The city of Milwaukee dates its white history to the 17th-century trade of furs.  Smallpox and settlement eventually pushed natives off the land, and by 1835 they had left nothing but the name, which means “river gathering place.”  

The 1840’s was a time of civil violence in the area, as what is today’s Milwaukee was then a tale of two feuding cities, Juneautown and Kilbourntown, engaged in what has become dubbed as “the Bridge War” because of the controversy’s origin in the physical bridging of the two towns and the potential threats to relative independence entailed.  Ultimately banded together in 1846, Milwaukee had a population at 10,000 at the time of foundation.  

Around this time the city became a center of German culture and Catholicism, and with a thriving and large segment of the population being German, Milwaukee was for a time termed the “German Athens.”  They brought hundreds of taverns and a boom of breweries, Miller and Pabst dating from these times.  With success came growth: within twenty years the population had more than quadrupled.

Manufacturing and steel supplanted wheat as Milwaukee’s economic staple, and rapid industrialization brought not only economic success but intense labor violence and political upheaval as well—the city sacrificing the lives of strikers in order to lead the nation to reforms in wages and hours.  In 1910, as bossism and machine politics dominated most urban areas across the country, Milwaukee began a decades-long experiment with socialist mayoralties, though socialists along with Germans suffered greatly during World War I, and Prohibition slowed beer central’s culture and success.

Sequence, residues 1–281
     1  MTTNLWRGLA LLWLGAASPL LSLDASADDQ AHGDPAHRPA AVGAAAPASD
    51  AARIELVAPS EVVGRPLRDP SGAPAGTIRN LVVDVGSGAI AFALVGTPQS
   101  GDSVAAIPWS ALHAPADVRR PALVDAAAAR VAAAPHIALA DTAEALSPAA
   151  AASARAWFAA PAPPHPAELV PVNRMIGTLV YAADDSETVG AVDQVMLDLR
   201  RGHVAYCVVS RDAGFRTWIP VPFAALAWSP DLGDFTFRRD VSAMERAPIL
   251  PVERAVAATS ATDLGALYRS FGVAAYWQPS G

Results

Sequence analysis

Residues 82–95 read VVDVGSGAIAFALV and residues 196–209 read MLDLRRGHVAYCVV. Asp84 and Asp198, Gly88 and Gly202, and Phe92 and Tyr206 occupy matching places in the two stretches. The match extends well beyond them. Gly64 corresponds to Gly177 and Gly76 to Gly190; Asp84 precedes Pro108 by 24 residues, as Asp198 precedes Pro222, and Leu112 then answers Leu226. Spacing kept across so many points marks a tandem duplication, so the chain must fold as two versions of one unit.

After the Second World War, the population experienced another boom despite the trend of suburban flight that was sweeping America at the time.  By 1960, Milwaukee’s population plateaued at over 700,000.  Braves baseball began in Milwaukee before leaving for Atlanta in 1965, but the Brewers threw their first pitch only five years later.  Although having suffered some recent white flight, the city has undertaken recent renovation projects to maintain it as a center of culture and sport into the 21st-century.